Fear of the Unknown


Former Secretary of Defense Donald Rumsfeld once replied to a reporter in 2002, who questioned him about the lack of evidence linking the Iraqi government with the supply of weapons of mass destruction to terrorist groups. In a spectacular feat of verbal gymnastics, Rumsfeld replied:

“Reports that say that something hasn’t happened are always interesting to me, because as we know, there are known knowns; there are things we know we know. We also know there a known unknowns; that is to say we know there are some things we do not know. But there are also unknown unknowns — the ones we don’t know we don’t know. And if one looks throughout history of our country and other free countries, it is the latter category that tend to be the difficult ones.”

While this linguistic conundrum may have had many heading for an interpreter, its basis was created by two American psychologists, who called it the Johari Window. In fact, more recently, an eastern European psychoanalytic philosopher added a fourth category, the unknown known, that which we refuse to acknowledge we know.

Regardless of the categories or their inherent meanings, these words, alone, seem to accurately fit this American condition as we move down the post-election road. Our path would seem to be fraught with dangers, known or unknown. So, let’s begin our journey through this unfamiliar landscape as we begin a time which some historians say is remindful of the national rancor felt before the 1860 election

What we do know is we are now firmly entrenched in completely polarized society. If the election taught us one thing it is that we have never despised a major candidate as much as we despised both Clinton and Trump. Because of this, we do know neither will be garnering much respect at home and abroad. In fact, this country’s standing in the world has slipped to the point that a lot of folks overseas really don’t believe the US is the place to go.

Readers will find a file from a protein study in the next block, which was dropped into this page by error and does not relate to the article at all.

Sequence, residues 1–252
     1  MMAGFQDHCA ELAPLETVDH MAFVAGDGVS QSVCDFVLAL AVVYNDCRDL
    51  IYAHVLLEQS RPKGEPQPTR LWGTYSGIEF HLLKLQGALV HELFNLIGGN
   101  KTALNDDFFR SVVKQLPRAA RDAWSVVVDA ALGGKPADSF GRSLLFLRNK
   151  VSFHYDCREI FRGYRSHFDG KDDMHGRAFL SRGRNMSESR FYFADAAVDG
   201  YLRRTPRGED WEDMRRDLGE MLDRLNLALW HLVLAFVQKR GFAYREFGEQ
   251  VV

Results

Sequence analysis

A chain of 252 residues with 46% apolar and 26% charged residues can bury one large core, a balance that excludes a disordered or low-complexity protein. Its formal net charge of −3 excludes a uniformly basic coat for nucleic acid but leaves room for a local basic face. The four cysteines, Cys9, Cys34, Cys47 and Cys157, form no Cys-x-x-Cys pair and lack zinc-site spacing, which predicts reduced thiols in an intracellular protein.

Another thing we know is that the Congress won’t be passing much legislation. If it does, it likely won’t be signed by the President. Welcome to more 21st Century gridlock.

As a result, what we know is that the Supreme Court had better get used to eight is enough. The GOP thinks that’s all the constitution requires. Further, the President will never get the consent of the Senate because of the way down ballot races shook out.

We also know the Affordable Care Act will not be repealed, although it will never be the best way to insure the population. It will never make it through the Senate, just as always, although we know Republicans in the House will continue to try.

Here’s one more thing: Hillary Clinton had better get used to testifying before Congress. We know, regardless of her standing, Republicans have her in their crosshairs, and they won’t be denied.

Now for the more troublesome bits. Just how contentious our country will become remains a mystery. This would be an unknown known. We know something unfortunate will occur but what and when is anyone’s guess. It’s too early to shrug off the election as mere political sport. Lies became the truth and no one, it seems, was the wiser.

Nonetheless, I’m no psychic, but I know two things for certain. One is this country will endure this election no matter how rigged Trump says it is. The other is I’ve learned a great lesson throughout all of this and have concluded that the only place to put this campaign circus is in my rearview mirror never to be seen again.

Eric Blumberg is a former radio news reporter and talk show host who now teaches communications and writing at Western Iowa Tech Community College in Sioux City. See ericblumberg.net.

From The Progressive Populist, December 1, 2016


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